There is a language “little known”,
Lovers claim it as their own.
Its symbols smile upon the land,
Wrought by Natures wondrous hand.
And in their silent beauty speak,
Of life and joy, to those who seek.
For Love Divine and sunny hours,
In the language of the flowers.
This sweet poem was written by “Father” (known to us only as F.W.L.) in a preface to the book The Language of Flowers. Wanting to give his wife a gift more meaningful than a bauble on their golden wedding anniversary, he wrote and illustrated this little book and presented it to her on their anniversary on August 8, 1913. What a wonderful gift!
The language of flowers, also known as florigraphy is a means of symbolically communicating with a friend or loved one through the selection of individual types and colors of flowers and their arrangement. Some form of this art has been practiced in cultures in Africa, the Americas, Asia and Europe, and as early as the Chinese Dynasties.
Lady Mary Mortly Montague, wife to the Ambassador to the Port of Constantinople became interested in the coded flower messages used in Turkish harems and introduced the symbolic language to the United Kingdom as early as 1718, but the first published use of the phrase “the language of flowers” did not occur until 1809.
Queen Victoria became interested in florigraphy and interest in this tradition soared in England and the United States during the 19th century. Known as the Victorian era, it spanned the period of her reign from June 20, 1837 until her death on January 22, 1901. During this time, strict moralistic values were imposed on society and non-conformity was not tolerated. Small bouquets, often referred to as tussie mussies (or “talking bouquets”) would be assembled with flowers and herbs carefully chosen to convey a specific message. These arrangements would allow the free expression of feelings – devotion, grief, hatred, jealousy, love, scorn – that society would not permit.
Young women studied botany and florigraphy and nearly every household of this time period had a reference for deciphering the “language”. More than 400 “flower dictionaries” flooded the market with interpretations that depended on the source. The most popular book published during this time period was Floral Poetry and the Language of Flowers in 1877 by John Henry Ingram.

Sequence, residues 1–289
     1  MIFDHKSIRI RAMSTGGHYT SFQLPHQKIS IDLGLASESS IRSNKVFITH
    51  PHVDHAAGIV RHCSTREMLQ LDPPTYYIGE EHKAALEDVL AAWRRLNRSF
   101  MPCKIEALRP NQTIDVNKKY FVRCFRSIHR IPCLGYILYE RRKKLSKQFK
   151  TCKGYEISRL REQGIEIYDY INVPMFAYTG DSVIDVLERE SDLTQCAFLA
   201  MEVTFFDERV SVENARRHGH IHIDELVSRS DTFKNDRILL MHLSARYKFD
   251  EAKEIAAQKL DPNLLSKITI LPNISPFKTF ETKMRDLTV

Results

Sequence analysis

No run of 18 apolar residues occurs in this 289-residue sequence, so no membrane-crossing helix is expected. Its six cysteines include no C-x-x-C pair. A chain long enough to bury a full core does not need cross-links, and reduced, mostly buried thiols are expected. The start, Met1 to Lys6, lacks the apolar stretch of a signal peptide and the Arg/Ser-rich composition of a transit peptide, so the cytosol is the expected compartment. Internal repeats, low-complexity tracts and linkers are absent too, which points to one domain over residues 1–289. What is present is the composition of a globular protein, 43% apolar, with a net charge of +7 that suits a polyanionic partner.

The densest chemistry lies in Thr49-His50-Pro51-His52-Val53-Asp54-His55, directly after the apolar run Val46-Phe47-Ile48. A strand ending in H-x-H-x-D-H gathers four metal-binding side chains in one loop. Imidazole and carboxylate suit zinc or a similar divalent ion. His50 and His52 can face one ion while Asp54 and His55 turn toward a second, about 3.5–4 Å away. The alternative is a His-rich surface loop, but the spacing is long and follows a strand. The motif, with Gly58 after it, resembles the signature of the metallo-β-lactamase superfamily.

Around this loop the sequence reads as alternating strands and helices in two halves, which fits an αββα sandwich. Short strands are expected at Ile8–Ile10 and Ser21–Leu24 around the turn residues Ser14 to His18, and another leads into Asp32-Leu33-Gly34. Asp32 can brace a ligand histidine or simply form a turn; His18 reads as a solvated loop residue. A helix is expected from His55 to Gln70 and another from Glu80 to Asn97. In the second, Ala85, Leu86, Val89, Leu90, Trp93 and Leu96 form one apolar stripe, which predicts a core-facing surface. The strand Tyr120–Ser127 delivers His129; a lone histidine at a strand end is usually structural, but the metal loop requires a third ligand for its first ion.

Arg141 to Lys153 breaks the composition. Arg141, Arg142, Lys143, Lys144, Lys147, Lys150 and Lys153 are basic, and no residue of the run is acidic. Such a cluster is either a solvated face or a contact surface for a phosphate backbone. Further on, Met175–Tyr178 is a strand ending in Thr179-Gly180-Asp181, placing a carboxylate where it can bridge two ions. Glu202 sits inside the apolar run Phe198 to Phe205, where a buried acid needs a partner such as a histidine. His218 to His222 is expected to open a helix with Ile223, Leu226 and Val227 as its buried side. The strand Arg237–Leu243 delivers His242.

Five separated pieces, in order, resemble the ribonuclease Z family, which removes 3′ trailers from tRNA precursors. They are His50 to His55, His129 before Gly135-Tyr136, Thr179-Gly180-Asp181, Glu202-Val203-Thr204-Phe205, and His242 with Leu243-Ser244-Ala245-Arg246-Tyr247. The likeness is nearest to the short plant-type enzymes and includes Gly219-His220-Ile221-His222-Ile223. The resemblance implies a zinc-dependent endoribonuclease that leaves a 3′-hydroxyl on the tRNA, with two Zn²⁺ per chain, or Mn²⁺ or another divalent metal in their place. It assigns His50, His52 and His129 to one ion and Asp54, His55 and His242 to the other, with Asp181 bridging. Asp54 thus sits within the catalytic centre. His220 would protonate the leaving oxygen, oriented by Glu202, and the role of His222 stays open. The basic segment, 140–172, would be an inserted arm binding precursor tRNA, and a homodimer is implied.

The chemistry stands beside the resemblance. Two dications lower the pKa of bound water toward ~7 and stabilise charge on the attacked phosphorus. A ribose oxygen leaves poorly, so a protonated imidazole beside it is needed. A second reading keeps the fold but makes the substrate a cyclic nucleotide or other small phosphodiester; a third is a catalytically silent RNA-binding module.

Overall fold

Everyone knows that red roses say “I love you!”, but depending on the color, roses can express many meanings. White expresses innocence, purity and a new start; pink symbolizes happiness and grace; yellow expresses joy and friendship; and orange symbolizes passion and desire. To complicate matters, the number of roses sent have meaning too. A single stem depicts devotion, a red and white rose entwined means “will you marry me?”, while 11 roses means the recipient is truly and deeply loved. Secret admirers sent 13 roses (perhaps the beginning of the tradition of sending the “baker’s dozen” florists send today).
The “language” became so elaborate that “yes” or “no” questions could be answered with a silent dialogue. When the response was “yes”, the bouquet was handed over with the right hand, while a “no” response entailed handing the bouquet over with the left hand. How the ribbon was tied was important too; tied to the right the flower meaning referred to the recipient, while tied to the left the flower meaning applied to the giver. If the bouquet was presented upside down, the expression was opposite of the traditional meaning. Obviously presenting a wilted bouquet was a clear message!
Many bouquets were sent to convey love and admiration, but some were sent to a communicate a negative message as well. A breakup bouquet to a boastful beau might include Amaryllis (prideful), yellow Carnations (rejection), and Cyclamen (goodbye).
Interest in florigraphy has waxed and waned throughout the years but experienced a resurgence in popularity in 2011 when it was reported that Kate Middleton chose the flowers in her bouquet based on the language of flowers. Royal florist Shane Connolly maintained the royal tradition of all-white flowers but included flowers with special meaning to Kate. The flowers she chose included Lily of the Valley (return to happiness), Sweet William (gallantry), Hyacinth (constancy of love), Ivy (fidelity, marriage, wedded love and friendship) and Myrtle (emblem of marriage and love). The gardener (and romantic) in me loved reading that the stem of Myrtle in Kate’s bouquet came from a plant started with a sprig from a bouquet presented to Queen Victoria by Prince Albert’s grandmother.